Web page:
31st October 2020
“By grace ye are saved.” Ephesians 2:5
Oh! the volumes of blessed truth that are couched in these few words; thrown in out of the Apostle’s full heart as if to give a moment’s vent to his love of salvation by grace! Mercy, love, and grace are all in the bosom of God toward his saints; and yet they differ from each other. But how? Mercy regards the criminal; love regards the object; grace, perhaps, is a blending of the two,—the union of mercy and love. God loves the holy unfallen angels; there is an object of love in which there is no mixture of mercy; for having never sinned, mercy they do not need. Again, God shewed no mercy to the fallen angels; there we have justice and wrath, without mercy; but in the case of the saints of God, the election of grace, we have not only mercy and love, but we have the conjoint attribute, that uniting mercy and love in one stream flows onward to the Church, as the river of the water of life; the pure crystal river of grace. Grace means, as you well know, the pure favour of God, and, as such, is sovereign, distinguishing, free, and superabounding. Every attribute of Jehovah is distinct, and yet so blended that the whole shine forth in one glorious effulgence. The rays of the sun united form one complete body of pure, bright light; but the prism or the rainbow separates these rays into distinct colours. So the attributes of God are not confused though blended, and all shine forth in one pure bright glory. But this is the peculiar character of grace, that any intermixture of worth or worthiness in the object would destroy it. For if the gospel require merit, we are damned by it as inevitably as by the law. This Luther felt when, racked and torn by the words “the righteousness of God without the law is manifested,” he cried out in the agony of his soul, “What! am I damned not only by the law, but damned by the gospel also!”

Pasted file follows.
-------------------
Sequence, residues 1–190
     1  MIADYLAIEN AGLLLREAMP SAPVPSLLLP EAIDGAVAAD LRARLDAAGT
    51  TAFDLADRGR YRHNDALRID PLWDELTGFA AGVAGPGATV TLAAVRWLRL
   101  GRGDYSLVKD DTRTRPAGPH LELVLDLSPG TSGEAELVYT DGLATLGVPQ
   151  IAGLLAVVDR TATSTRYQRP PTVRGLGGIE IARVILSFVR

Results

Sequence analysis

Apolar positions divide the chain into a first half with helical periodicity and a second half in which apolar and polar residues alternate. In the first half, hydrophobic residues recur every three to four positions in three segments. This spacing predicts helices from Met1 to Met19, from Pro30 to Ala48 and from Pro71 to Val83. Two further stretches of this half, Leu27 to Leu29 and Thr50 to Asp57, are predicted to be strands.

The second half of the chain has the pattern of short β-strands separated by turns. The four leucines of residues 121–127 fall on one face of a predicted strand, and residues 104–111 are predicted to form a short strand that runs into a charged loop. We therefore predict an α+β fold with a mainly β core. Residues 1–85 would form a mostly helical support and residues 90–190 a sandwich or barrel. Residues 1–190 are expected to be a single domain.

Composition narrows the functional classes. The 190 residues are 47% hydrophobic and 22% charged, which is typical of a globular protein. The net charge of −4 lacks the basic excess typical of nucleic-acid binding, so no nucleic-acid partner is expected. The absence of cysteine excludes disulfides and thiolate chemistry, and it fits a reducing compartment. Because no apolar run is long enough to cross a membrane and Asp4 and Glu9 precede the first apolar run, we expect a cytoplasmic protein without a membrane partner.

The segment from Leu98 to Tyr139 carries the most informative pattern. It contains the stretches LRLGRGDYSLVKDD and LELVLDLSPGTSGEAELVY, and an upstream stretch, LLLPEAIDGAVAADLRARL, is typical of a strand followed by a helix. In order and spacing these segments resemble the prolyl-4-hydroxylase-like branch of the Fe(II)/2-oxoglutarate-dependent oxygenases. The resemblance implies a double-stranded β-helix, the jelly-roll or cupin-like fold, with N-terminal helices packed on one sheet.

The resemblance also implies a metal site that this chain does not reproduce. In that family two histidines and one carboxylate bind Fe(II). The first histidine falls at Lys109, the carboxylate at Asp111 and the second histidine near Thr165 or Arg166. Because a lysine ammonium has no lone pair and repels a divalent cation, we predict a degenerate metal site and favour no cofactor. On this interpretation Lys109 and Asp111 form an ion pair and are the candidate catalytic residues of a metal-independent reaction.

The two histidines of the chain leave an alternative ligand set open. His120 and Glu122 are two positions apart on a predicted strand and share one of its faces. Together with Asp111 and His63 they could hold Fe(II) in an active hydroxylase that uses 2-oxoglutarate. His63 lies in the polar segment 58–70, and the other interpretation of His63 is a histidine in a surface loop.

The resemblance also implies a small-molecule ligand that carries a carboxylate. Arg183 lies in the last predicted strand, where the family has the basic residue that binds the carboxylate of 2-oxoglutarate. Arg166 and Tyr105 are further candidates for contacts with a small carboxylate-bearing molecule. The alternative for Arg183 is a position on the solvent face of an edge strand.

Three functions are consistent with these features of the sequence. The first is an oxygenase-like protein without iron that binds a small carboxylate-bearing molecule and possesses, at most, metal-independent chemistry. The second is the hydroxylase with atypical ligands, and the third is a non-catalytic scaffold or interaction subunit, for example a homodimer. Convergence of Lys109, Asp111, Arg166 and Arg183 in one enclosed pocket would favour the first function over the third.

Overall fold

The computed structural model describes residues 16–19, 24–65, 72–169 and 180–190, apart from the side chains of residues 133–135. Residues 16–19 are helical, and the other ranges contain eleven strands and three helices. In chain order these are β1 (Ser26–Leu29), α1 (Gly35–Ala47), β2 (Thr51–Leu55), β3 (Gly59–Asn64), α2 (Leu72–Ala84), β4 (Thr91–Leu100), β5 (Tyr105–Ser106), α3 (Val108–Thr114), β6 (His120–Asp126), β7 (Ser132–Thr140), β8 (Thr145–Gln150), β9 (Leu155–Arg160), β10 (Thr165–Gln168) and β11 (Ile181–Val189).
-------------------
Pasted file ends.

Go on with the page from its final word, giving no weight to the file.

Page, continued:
This pure, free, unadulterated grace is the joy of every soul that is able to receive it; for it comes as a blessed cordial when sinking and swooning under a sight and sense of the deserved wrath of God. When, then, the pure gospel of the grace of God comes as a cordial from the Most High, it lifts up his drooping head, revives his sinking soul, and pours oil and wine into his bleeding wounds. By this grace we are justified, pardoned, accepted, sanctified, and saved with an everlasting salvation. Oh! glad tidings to perishing sinners! Oh! blessed news to those who are sinking under a sense of guilt and misery, in whom the law of God is discharging its awful curse! When we get a view by faith, and a sweet taste of the pure grace of God, what a balm, what a cordial, what a sweet reviving draught it is. It is this which makes us prize so highly, and exalt so gladly the free grace of God; because it is so pure, so free, and so superabounding over all the aboundings of sin, guilt, filth, and folly. It never can be laid down too clearly, it never can be too much insisted on that “by grace,” and grace alone, “ye are saved.” If free grace has reached your soul, it has saved your soul; if free grace has come into your heart, it has blessed you with an everlasting salvation, and you will live to prove it, when your happy soul joins the throng of the blessed. If anything can lift up a drooping sinner, restore a backslider, break a hard, or soften a stony heart; draw forth songs of praise, and tears of contrition; produce repentance and godly sorrow for sin; a humble mind and a tender conscience; it is a sweet experience of the superabounding grace of God. Can we then exalt it too much? Can we prize it too highly? Can we cleave to it too closely? No; in proportion as we feel our ruin and misery, we shall cleave to it with every desire of our soul; for it is all our salvation, as it is all our desire.
J. C. Philpot 1802-1869